How To Make Your Mystery Detective Unique
The mystery genre is crowded. Making your detective unique, and differentiating them from all the other mystery detectives, can feel challenging. The alcoholic oop, the cozy cupcake queen, and the spunky female PI are just several examples.
The first step to individualizing your sleuth is creating a character background.
- Physical details
- Character traits
- Interpersonal connections
- Habits and mannerisms
- Skills and experience
You may not use all the information you record but the more you know, the easier you’ll find writing about your character in a variety of situations.
But even with all that background information, you may not have the character elements that make your detective stand out from all the others.
Use SWOT Analysis to Refine Your Character
SWOT stands for Strengths, Weaknesses, Opportunities, and Threats. Usually employed in business analytics, you can use it to analyze your character.
If you find missing sections in your SWOT analysis, you have more background work to do.
Your detective’s strengths are what makes them not only a good detective but a relatable character. These can be personality strengths as well as detecting skills.
Weaknesses also tie your reader to your character. Readers understand that everyone has flaws. Your detective’s weaknesses make them a well-rounded character with relatable flaws. Those flaws also cause trouble in the detective’s quest to solve the crime.
- Short temper
- Inept social skills – unable to work with others
- Blinded by a sense of self-importance
- Overlooks details
Opportunities are favorable external factors that could give your charater an advantage in life in the future.This could be a possible promotion or winning a state bake-off.
- A new detective’s first big murder case
- A private investigator’s chance to clear their name
- An amateur detective’s chance to clear their brother’s name
Factors that have the potential to harm your detective, the investigation, or their career.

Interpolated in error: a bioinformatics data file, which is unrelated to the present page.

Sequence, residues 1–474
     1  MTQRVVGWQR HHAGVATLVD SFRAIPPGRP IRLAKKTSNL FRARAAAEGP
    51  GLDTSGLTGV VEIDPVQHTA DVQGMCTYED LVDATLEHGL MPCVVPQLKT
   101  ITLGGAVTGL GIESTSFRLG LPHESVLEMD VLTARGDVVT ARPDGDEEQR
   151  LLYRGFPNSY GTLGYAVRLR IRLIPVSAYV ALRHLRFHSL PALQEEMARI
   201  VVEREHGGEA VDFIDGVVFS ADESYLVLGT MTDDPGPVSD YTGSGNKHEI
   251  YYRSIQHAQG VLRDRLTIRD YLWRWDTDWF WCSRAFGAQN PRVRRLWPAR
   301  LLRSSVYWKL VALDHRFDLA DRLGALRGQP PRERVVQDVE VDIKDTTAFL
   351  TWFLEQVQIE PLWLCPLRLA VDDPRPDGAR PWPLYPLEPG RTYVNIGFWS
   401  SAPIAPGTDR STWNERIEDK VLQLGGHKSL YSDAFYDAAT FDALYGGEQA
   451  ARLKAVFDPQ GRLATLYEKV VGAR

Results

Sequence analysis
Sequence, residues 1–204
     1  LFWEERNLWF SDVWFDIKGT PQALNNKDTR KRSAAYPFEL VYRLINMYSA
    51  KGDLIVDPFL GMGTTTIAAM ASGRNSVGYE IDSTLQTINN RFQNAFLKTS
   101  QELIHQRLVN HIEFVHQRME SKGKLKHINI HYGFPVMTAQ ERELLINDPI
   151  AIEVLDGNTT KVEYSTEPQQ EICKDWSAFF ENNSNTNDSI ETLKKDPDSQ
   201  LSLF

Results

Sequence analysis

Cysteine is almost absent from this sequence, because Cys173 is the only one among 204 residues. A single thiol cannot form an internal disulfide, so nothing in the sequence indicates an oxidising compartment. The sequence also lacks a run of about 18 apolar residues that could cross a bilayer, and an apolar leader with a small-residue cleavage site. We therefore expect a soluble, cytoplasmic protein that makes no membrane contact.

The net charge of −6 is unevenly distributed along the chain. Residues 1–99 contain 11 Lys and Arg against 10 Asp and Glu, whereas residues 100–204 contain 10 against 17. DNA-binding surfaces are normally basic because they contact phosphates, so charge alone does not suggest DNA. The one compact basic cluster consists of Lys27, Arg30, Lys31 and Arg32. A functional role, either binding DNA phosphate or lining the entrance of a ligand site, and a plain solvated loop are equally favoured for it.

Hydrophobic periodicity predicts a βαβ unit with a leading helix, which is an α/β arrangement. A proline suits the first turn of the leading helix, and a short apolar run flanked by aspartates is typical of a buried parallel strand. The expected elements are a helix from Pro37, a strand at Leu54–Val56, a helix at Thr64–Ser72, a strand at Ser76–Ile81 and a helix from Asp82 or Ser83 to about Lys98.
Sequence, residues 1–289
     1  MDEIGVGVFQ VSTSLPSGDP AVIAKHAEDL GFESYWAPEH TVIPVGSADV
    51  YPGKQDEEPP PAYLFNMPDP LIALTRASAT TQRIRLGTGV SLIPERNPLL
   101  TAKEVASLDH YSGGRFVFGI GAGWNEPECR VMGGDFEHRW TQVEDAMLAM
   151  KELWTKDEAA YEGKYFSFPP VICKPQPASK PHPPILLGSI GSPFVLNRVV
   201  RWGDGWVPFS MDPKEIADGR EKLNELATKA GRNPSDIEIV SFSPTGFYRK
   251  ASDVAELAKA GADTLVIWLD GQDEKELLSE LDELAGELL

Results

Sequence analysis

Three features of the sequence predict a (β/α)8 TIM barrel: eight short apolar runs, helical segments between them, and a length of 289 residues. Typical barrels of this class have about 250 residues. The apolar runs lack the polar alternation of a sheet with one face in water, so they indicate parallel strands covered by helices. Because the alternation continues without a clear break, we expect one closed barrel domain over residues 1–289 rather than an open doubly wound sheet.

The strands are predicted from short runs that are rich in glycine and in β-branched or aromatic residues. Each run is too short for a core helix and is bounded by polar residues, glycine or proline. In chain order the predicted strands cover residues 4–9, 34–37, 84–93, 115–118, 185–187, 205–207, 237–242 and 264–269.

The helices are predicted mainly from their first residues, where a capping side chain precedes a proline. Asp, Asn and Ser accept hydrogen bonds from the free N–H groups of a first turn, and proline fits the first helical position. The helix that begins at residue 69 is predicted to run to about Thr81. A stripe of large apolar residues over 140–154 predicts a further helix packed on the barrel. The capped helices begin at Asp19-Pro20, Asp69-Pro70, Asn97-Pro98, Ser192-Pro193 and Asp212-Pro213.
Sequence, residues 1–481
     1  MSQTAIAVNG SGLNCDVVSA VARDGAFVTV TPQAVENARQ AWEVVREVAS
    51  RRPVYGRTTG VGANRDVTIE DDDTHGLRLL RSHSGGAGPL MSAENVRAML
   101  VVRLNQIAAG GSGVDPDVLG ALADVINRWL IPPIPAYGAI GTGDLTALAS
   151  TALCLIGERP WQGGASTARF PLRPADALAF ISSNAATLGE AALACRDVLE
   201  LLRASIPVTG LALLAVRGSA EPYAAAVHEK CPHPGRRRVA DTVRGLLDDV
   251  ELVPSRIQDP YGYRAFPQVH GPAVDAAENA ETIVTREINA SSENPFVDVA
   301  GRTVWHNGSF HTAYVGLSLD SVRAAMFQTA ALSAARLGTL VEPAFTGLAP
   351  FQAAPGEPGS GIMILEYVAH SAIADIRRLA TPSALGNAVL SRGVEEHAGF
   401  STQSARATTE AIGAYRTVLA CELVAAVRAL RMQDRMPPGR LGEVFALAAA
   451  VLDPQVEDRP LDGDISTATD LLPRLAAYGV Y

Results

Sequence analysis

- A micro-managing superior who impedes the investigation
- An accusation of excessive force and a Police Procedures (internal affairs) inquiry
- An inter-racial love interest in a bigoted community
- A female sleuth working in a misogynist environment
Make A Complex Story Manageable
A SWOT analysis makes complex stories more manageable. There may be an overwhelming amount of elements to analyze and relevant points to consider when writing a complex story.
A SWOT analysis pares down all your ideas. Rank your SWOT elements with bullets by importance. You will aggregate a large, potentially overwhelming story into a more digestible main story elements.
A New Way to Look at Your Protagonist
A SWOT analysis helps you define the key drivers of your story. Plot points will help you outline your story and character background helps you define their personality. A SWOT analysis of your character gives you story-worthy elements to create the story itself, integrating the SWOT elements.
For example, you may have outlined how your detective will discover evidence and clues, and which suspects they will identify. But you’ll add the personal connection that keeps readers caring about your character when you add the threats.
The personal strengths, weaknesses, opportunities, and threats create a character unique to your story. Using this information, you can make smarter decisions to preserve what it goes well, capitalize on your character’s strengths, create risk with obstacles and wrong choices regarding weaknesses, and plan for events that may adversely affect your protagonist as the story unfolds.
I borrowed this idea from Naseem Khan’s Writing Crime Fiction course. I found it tremendously helpful in determining the threats that cause problems for the protagonist in my current work in progress.
I hope you find this idea helpful.